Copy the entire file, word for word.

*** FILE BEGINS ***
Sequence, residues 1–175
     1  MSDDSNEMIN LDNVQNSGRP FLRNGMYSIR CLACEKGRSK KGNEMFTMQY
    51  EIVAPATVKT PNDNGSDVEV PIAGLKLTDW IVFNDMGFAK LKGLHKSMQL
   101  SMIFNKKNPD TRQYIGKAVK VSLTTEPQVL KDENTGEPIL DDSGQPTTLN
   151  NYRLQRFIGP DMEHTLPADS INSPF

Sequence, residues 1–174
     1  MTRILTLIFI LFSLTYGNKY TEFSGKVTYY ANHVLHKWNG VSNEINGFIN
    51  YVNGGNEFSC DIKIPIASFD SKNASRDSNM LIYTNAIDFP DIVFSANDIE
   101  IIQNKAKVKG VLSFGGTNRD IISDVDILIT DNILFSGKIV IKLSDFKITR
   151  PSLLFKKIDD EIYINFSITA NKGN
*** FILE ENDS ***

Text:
Sequence, residues 1–175
     1  MSDDSNEMIN LDNVQNSGRP FLRNGMYSIR CLACEKGRSK KGNEMFTMQY
    51  EIVAPATVKT PNDNGSDVEV PIAGLKLTDW IVFNDMGFAK LKGLHKSMQL
   101  SMIFNKKNPD TRQYIGKAVK VSLTTEPQVL KDENTGEPIL DDSGQPTTLN
   151  NYRLQRFIGP DMEHTLPADS INSPF

Sequence, residues 1–174
     1  MTRILTLIFI LFSLTYGNKY TEFSGKVTYY ANHVLHKWNG VSNEINGFIN
    51  YVNGGNEFSC DIKIPIASFD SKNASRDSNM LIYTNAIDFP DIVFSANDIE
   101  IIQNKAKVKG VLSFGGTNRD IISDVDILIT DNILFSGKIV IKLSDFKITR
   151  PSLLFKKIDD EIYINFSITA NKGN